Shielding mPCIe wifi card, possible?

Is it possible to shield this mPCIe wireless card to protect it from noise?
If yes, how?

Most interference (or noise) comes from other nearby APs as a result of co-channel or adjacent channel interference, or perhaps radar on a 5Ghz channel.

There's no way of shielding that since they're the very frequencies your radio needs to receive.

Yes, unfortunately I do have a lot of nearby access points. I used to believe that Wi-Fi instability was caused by a lack of shielding

Possible, yes - you see where the tin can was meant to be.
Reasonable, no - getting that to fit from scratch, without doing harm, is not going to be easy.

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If it's properly built, the primary ingress of noise is only the antenna system.

So - simply connect the cables to the antenas, and enclose in a grounded metal case. Done.

(Usually devices/cases are built like that anyways - i.e. just properly install it.)


Ah yes! The device's case is metal. Now I'm %100 sure that the source of noise is nearby APs.
Thanks :+1:

If the card is the one pictured, then no, it's not properly built. That card is a UniElec MT7612. It is based on a design that MediaTek gave to UniElec, but UniElec skimped on its construction. The card is designed to have a shielding cage - you can see the exposed copper (what you see all along the edges) where that shielding cage was supposed to go, but UniElec didn't put one on. The UniElec card is pictured below beside a correctly shielded one:

On a shielded card, that is likely the case. With an unshielded one, no. As I said, I have this card and when I was testing it I noted that it was particularly noisy. When it's in the same case as the other card pictured, the UniElec card has a noise floor 12dB higher than the other one. Without a metal shell on the card, proximity to the rest of the electronics inside your device is a very significant source of noise. The CPU, PCI, DDR, and other bus clocks all operate in frequencies that can (espcially as they can heterodyne together) produce harmonics up to 5GHz.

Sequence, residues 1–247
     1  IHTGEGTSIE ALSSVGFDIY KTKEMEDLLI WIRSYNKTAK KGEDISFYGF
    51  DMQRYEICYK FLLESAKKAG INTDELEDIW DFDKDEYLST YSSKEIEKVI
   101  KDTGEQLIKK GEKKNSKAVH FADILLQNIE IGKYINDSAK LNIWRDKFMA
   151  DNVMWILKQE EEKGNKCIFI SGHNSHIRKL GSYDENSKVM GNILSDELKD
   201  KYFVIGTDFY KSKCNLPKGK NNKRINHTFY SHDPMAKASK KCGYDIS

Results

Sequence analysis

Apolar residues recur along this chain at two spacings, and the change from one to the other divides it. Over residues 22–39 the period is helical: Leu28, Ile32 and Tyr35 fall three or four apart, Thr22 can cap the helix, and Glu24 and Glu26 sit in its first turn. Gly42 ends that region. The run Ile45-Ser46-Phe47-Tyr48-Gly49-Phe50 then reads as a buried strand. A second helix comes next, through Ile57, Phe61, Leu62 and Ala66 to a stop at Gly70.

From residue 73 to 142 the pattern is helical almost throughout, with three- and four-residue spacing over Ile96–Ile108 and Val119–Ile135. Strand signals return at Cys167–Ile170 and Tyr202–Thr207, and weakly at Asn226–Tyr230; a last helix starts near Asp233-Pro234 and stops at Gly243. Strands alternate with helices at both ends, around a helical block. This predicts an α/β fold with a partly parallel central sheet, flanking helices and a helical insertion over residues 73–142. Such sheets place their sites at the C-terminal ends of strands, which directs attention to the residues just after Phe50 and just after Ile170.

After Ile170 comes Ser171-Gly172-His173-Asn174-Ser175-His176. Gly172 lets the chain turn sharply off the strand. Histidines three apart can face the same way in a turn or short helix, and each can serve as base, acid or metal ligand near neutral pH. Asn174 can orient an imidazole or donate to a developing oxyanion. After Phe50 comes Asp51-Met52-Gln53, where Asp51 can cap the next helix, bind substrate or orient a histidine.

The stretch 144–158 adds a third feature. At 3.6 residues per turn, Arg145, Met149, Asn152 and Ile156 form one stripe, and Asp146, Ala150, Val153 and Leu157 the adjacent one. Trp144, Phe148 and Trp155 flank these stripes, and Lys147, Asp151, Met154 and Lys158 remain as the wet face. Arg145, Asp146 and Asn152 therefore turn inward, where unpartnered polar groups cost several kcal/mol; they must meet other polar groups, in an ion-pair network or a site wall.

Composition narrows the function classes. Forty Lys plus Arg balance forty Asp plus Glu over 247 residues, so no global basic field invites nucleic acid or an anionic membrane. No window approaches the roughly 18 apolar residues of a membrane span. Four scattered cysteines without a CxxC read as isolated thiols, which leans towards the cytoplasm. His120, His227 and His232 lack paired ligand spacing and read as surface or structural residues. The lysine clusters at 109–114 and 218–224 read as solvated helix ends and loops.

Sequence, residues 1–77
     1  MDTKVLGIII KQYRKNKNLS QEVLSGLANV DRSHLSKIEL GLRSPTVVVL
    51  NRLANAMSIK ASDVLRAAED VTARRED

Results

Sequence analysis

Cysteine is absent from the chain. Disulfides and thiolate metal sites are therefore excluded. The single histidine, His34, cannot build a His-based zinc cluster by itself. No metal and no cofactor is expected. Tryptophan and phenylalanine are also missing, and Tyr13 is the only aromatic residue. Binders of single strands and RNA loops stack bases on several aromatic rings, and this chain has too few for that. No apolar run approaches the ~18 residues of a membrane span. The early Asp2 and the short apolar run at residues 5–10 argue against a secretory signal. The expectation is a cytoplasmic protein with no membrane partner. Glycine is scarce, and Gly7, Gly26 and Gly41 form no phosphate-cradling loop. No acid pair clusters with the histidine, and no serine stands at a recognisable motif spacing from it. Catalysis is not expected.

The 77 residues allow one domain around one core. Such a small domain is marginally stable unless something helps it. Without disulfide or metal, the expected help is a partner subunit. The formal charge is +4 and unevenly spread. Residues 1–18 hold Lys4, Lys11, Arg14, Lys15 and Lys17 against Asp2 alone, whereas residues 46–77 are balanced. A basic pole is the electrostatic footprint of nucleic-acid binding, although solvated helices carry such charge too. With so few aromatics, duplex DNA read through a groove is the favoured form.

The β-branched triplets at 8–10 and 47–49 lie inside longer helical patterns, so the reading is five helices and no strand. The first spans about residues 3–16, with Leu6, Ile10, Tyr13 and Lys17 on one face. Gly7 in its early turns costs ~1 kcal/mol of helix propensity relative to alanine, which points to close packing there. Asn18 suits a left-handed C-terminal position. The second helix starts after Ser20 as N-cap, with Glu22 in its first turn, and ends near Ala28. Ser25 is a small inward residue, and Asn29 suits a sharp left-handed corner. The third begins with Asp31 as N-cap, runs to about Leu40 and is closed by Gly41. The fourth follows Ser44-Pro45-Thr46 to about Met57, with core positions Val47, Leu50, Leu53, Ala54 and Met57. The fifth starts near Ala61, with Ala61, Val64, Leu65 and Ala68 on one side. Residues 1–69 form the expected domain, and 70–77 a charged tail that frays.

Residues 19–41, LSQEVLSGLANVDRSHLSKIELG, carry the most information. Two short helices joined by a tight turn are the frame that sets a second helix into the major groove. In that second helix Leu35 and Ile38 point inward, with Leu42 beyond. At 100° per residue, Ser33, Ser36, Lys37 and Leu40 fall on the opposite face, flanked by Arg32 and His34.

That's interesting - surprising a vendor would even ship a card like that. It's asking for RMAs....

So did your DIY shielding work?

It's the reference design from MediaTek for the 7612. It's only intended as a development board, not for end users.

RMA isn't really an option with UniElec. They only market on Ali Express, AFAIK.

Sorry, no, I didn't build that shielding shown on the other card. That is a Mediatek card from another vendor that makes them correctly. I was just showing the difference.

To answer the original question (which I should have before), building a similar little cage is doable, but tricky. If I were to do it I'd likely use a .5mm or maybe .8mm copper sheet. Cut it to the right shape to fold, fold, and solder. Prior to soldering it I'd put dabs of hot glue on the card in various places to act as "spacers" to prevent the copper from contacting the board, since it wouldn't have the strength of the tin alloy used on the other card. For extra points, put a thermal pad on top of the MT7612 chip so the housing can act as a heatsink too. A 7612 doesn't generate all that much heat - IIRC, that card only puts out 17dBm or so of power, so the pad is more just a detail. The cage is only needed on one side - the other side is mostly backplane and doesn't need shielding.

It would be tricky to get right, though. For a UniElec 7612, I'm not sure it's worth the trouble or expense.


Wow, thank you for all the info.
I wasn't aware of the shielding at the time of purchase. Now I know that was a mistake.

I have a friend who runs an electronic store and I'll talk to him about that copper sheet solution.

0.3mm should do, and will be much more solderable than 0.5 or 0.8mm.


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